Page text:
Nevertheless, according to the CRTC, between July 2 and September 9, 2014, TeamBuy violated CASL, by sending several emails with a withdrawal mechanism that was not functioning well or was too complicated. Ghassan Halazon being at the time CEO of the company was found personally responsible under section 31 of the Act, which states that:

Directors, officers, etc., of corporations

31 An officer, director, agent or mandatary of a corporation that commits a violation is liable for the violation if they directed, authorised, assented to, acquiesced in or participated in the commission of the violation, whether or not the corporation is proceeded against.

C-level, directors, managers, administrators are all personally liable

Section 31, on which Halazon’s fine is based, is one of the many provisions of CASL that few people know about nor is it discussed by the media. It’s unfortunate, because corporate protection under this section is removed, and thus makes individuals such as directors, managers, administrators, etc. personally responsible for CASL violations.

The CRTC’s Chief Compliance and Enforcement Officer has made this clear in a recent statement:

Receipt of commercial emails is the primary source of complaints from Canadians who report cases requiring follow-up investigations, and you or your organisation may be held responsible for sending these commercial emails. 

The CRTC’s adamant actions…

Canada’s Anti-Spam Legislation came into force on July 1, 2014, and TeamBuy went bankrupt two months later. Yet, the CRTC investigated this case, for almost three years, for emails sent over a very short period. This unyielding behaviour runs counter to much of the CRTC’s reassuring PR speeches. What their actions do seem to mean is that:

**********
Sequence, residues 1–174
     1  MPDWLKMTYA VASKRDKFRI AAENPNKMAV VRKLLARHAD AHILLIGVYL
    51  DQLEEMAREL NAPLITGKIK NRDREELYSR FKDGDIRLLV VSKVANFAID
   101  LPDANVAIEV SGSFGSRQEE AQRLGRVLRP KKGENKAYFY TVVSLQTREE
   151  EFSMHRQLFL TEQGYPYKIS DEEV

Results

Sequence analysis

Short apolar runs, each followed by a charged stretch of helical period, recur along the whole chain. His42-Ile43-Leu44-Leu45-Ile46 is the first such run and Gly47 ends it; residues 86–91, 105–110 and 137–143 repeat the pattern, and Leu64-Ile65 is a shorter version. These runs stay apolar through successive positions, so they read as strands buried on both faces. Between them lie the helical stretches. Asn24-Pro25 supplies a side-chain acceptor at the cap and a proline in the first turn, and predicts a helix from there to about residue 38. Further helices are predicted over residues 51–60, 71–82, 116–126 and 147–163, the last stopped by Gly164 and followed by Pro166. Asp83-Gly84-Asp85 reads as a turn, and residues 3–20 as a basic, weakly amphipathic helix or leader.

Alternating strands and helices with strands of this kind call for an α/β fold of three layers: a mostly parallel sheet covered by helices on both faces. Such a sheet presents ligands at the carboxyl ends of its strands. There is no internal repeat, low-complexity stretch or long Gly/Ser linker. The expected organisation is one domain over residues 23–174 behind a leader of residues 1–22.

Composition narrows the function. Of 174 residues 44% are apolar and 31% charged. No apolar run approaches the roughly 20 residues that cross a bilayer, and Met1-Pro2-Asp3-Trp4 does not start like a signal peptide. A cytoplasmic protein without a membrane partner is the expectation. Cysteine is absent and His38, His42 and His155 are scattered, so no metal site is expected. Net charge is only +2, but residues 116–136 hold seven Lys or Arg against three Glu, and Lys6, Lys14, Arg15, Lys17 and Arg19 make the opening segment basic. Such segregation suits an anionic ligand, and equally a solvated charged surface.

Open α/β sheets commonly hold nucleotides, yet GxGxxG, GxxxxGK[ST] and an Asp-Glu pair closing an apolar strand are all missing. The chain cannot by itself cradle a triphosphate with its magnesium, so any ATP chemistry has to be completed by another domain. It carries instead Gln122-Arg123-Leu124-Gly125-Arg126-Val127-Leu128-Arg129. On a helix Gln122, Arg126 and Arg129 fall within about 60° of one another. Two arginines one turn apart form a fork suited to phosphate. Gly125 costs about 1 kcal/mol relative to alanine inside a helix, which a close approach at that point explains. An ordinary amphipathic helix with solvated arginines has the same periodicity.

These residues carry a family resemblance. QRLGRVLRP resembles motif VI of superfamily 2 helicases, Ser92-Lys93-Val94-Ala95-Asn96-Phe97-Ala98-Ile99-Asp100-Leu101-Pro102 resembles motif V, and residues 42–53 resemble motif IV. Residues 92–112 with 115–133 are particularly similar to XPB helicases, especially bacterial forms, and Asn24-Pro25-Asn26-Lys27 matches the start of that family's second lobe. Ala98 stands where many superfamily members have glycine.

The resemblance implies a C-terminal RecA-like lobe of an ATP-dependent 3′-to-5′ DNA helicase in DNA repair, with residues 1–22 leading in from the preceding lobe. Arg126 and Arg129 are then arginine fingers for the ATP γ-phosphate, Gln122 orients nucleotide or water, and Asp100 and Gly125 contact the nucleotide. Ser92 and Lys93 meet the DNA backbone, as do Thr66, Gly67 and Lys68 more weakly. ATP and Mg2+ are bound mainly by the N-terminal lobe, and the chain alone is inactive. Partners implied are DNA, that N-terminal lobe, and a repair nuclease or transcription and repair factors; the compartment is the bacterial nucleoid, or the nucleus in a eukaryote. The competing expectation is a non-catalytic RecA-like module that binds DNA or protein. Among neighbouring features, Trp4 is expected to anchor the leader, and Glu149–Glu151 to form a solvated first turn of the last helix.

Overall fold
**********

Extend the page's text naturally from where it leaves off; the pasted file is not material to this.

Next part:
• That the notion of transition period is not taken into consideration and that the CRTC expects companies to have been compliant since July 2, 2014,
  • Their enforcement is not solely for the goal of compliance, but for punishment,
  • Everyone, at any time, past or present, is at risk of being fined.

Another surprising move by the CRTC

It is also surprising to note that while the case file was concluded on June 12, 2017, the CRTC waited until Friday afternoon to publish this news on its website, and this without issuing a press release − an approach often used in politics to make sure journalists don’t talk about it. 

Are you insured?

More and more organisations are now taking out liability insurances, commonly referred to as an Errors & Omissions insurance (E&O) to protect their employees. A common practice with NGOs to protect volunteers, but that is now becoming more standard practice for private businesses, in light of CASL.

N.B.: Savvy insurance companies are starting to exclude CASL from their policies if the company can not demonstrate that it has implemented a complete compliance program.

In conclusion

Each decision made and conference given by the CRTC sheds a little more light on their approach regarding investigations and fines. Regardless, the words of the CRTC’s Chief Compliance and Enforcement Officer must be taken seriously:

Each company should have a compliance program to help ensure that every commercial or telemarketing message is compliant. If your practices are challenged one day, a comprehensive compliance program can help you establish a due diligence defence.